I saw her sitting and waiting for some-one in our group. Without saying much I knelt down to get that sky and she knew instantly what to do. I wanted a dramatic shot and got it.

    The Portrait

    light and Lens

  • GestureWhen I was shooting this I knew I wanted it to be a square. I thought the silvery blanket and similar looking sky compli-mented each other as a way of setting off the beauty with the funky hair.

    She is wrapped against the cold, the angle of the camera is low to show the angry clouds and she has her head high, glanc-ing down on the viewer with a captivating half-smile.

    ere is a lot of emotion in this shot.

  • 6Bright setting sun behind her, and a very bright set of build-ings behind me were all I needed to get the shot. But I wanted a little more smoothness to the light on her face so I had an assistant hold a bright white ll card under her chest scooping in the light from the buildings behind me.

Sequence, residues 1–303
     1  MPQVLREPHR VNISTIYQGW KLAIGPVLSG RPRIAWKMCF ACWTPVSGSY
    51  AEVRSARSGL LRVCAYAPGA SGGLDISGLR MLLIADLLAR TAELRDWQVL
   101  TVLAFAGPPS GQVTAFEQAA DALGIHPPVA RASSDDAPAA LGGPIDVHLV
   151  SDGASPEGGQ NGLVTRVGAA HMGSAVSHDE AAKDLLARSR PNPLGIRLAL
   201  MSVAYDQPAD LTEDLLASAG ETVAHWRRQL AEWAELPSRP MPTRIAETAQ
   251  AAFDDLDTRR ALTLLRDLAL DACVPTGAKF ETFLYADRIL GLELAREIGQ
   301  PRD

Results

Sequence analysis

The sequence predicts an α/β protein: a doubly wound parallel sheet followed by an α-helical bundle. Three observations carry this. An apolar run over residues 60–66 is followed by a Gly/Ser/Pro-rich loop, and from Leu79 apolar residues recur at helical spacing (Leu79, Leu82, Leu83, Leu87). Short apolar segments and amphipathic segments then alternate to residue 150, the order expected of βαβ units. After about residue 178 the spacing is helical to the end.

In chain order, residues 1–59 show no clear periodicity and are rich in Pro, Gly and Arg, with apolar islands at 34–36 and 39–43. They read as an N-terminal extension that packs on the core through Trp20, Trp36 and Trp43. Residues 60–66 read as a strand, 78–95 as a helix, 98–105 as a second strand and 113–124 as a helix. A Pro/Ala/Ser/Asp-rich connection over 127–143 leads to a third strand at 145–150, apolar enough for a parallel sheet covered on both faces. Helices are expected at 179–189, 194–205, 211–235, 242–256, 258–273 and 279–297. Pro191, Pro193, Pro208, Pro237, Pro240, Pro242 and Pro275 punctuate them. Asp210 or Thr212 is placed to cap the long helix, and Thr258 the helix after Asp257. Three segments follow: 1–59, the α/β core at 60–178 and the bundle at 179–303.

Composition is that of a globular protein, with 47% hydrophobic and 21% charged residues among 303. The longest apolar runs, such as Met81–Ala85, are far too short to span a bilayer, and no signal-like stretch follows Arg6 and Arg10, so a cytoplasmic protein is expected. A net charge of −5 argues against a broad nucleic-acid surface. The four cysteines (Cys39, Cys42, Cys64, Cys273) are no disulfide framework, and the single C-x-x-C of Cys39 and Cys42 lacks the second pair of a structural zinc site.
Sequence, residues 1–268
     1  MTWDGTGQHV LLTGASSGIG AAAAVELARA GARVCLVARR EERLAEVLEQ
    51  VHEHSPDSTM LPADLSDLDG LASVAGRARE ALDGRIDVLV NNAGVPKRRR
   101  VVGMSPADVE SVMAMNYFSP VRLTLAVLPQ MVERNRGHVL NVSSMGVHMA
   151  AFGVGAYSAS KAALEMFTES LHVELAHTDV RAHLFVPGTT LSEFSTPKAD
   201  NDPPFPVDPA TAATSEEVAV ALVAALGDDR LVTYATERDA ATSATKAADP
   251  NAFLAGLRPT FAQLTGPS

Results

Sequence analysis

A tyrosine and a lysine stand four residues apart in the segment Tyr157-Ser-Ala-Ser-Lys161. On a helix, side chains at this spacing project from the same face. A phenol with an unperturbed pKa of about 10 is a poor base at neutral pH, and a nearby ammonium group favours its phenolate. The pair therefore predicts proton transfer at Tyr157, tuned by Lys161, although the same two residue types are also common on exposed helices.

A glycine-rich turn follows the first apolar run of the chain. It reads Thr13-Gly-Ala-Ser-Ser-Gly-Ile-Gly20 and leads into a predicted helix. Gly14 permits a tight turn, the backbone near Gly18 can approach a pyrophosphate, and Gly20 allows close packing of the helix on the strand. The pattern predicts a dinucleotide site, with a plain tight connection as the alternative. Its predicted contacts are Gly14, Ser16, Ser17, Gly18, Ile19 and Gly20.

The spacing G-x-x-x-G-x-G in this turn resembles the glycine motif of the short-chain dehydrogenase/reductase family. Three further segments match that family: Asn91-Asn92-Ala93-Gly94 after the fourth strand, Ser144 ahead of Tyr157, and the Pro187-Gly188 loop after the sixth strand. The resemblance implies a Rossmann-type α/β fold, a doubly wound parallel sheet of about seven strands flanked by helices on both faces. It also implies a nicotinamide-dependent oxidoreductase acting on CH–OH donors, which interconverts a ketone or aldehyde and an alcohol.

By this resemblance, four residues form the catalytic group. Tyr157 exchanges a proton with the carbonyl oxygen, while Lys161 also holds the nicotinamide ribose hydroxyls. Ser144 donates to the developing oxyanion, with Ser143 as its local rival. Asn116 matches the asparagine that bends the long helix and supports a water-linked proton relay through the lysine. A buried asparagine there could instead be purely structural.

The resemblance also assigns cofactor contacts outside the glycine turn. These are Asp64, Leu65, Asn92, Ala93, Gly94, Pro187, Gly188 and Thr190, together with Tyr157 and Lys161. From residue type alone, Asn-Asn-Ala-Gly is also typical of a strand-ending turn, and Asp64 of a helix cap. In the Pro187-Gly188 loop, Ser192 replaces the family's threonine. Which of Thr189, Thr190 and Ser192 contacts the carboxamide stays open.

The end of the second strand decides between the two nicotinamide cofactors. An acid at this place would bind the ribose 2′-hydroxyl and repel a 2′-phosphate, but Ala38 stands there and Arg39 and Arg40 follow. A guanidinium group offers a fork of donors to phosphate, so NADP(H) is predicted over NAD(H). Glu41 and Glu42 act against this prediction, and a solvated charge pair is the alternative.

e limited DOF on a 200MM L lens was exactly what I wanted to use. F-2.8 for the aperture and a fast shutter speed to catch the hair was a result.

    Redhead, Detroit

    Late in the Detroit aernoon it started to get a little chilly, but the light was spec-tacular. It was behind the subject and lighting up her beautiful red hair, as well as two large bright buildings behind me.

    I had her keep her gaze on me and we agreed to let her sweep the hair away from her face every few frames so we could try to get that shot. We had fun with it and the resulting portrait was worth the waitand the tangles.

    The Portrait

    light and Lens

  • GestureLight, wind, hair and attitude. e hair blowing in front of her face was driving her crazy, but I loved it. I took some shots rapidly hoping to get what I got... hair and light framing those dramatic eyes.

    I like the action of the hair in a breeze and I detest the perfect, over-the-top glitz that some MUAs do. Unless we are shooting something that must be perfect to the style, I prefer real-looking situaions and light that seems ethereal and natural.

  • 7A white walled villa in Mexico provided all the ambient I could want for this shot. No additional ll cards or lights are used for the shot.

    Canon 80-200MM L at f-2.8 and 180MM for shallow DOF.

    On a Rooftop in Mexico

    We were working on the sun-washed ter-race of our Villa in Mexico when I noticed how much light was bouncing around in that lit